Parishes: Burmarsh

Pages 258-264

The History and Topographical Survey of the County of Kent: Volume 8. Originally published by W Bristow, Canterbury, 1799.

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THE next parish south westward from West Hythe, lies in Romney Marsh, and within the liberty and jurisdiction of the justices of it.

THIS PARISH lies within the level of Romney Marsh, throughout the whole of which both the air and water make dreadful havoc on the health of the inhabitants of this sickly and contagious country, a character sufficiently corroborated by their pallid countenances and short lives. The village, having the church in it, consists of only four or five houses, situated among many thriving elms, an unusual sight in this part of the marsh. It is nearly in the middle of the parish, which is about two miles across each way. The prospect of the country here is very different from that heretofore described, being an entire flat for many miles, over a great extent of marshland, some little of which, at different places throughout it, is ploughed up for agriculture. The roads, which are wide and exceedingly crooked and winding, are in general nothing more than the deep black soil of the marsh, having in some places beach and shingle laid on them. There are very few hedges, either on the sides of the roads, or to part the property of different persons, deep and wide ditches or dikes, with post and rail sencing, being every where made use of; so that there is an uninterrupted view over the whole marsh, a very few houses with stacks of hay and corn thinly scattered about, and a low tree or pollard of willow or ash growing at long distances here and there, with the cattle grazing over the whole, fill up the prospect as far as the eye can see. There is a great deal of marsh ploughed up in this parish, where the land is very fertile and rich.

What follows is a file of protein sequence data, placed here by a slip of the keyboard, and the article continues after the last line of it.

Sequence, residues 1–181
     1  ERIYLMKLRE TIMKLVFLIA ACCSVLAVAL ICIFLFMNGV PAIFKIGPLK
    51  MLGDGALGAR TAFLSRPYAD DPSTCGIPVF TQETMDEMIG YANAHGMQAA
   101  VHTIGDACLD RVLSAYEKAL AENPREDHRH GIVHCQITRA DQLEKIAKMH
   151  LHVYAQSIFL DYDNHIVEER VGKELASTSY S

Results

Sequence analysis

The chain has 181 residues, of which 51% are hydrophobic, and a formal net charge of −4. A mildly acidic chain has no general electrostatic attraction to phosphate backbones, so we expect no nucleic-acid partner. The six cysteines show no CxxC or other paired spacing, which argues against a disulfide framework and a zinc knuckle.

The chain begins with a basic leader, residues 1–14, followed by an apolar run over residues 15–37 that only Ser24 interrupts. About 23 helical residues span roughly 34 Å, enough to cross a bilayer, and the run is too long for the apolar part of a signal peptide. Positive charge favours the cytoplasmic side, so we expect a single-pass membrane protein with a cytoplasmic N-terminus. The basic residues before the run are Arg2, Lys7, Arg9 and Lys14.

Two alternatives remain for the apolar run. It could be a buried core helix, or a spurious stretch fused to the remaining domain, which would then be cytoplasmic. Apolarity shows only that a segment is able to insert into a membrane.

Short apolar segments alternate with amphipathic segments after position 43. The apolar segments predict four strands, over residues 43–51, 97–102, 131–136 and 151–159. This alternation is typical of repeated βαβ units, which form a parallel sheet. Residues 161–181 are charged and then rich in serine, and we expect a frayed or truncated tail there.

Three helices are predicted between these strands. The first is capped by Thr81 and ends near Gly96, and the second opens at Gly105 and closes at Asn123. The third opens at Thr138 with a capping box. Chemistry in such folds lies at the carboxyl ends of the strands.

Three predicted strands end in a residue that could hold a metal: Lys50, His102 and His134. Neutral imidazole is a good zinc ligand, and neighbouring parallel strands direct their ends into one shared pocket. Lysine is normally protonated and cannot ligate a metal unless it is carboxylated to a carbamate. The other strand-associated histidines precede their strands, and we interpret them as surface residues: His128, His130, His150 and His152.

In the reign of king Ethelwolf, about the year 848, Edbald his grandson, for the sum of four thousand pence, gave this manor to his friend Wynemund, who again gave it, with the land of Wyk, to the monastery of St. Augustine, (fn. 1) as free as his lord had given it to him, where he had chosen for himself a place of sepulture. After which it remained part of the possessions of the monastery, and accordingly it is thus entered in the record of Domesday, under the general title of the land of the church of St. Augustine:

In the marsh of Romenel, the abbot himself holds Burwarmaresc. It was taxed at two sulings and three yoke. The arable land is twelve carucates. In demesne there are four, and forty-four villeins, with five borderers having ten carucates. In the time of king Edward the Confessor it was worth twenty pounds, and afterwards ten pounds, now thirty pounds. The shire testifies that Bedenesmere was St. Augustine's in the time of king Edward the Confessor, and the abbot shall have of him who shall hold it sac and soc.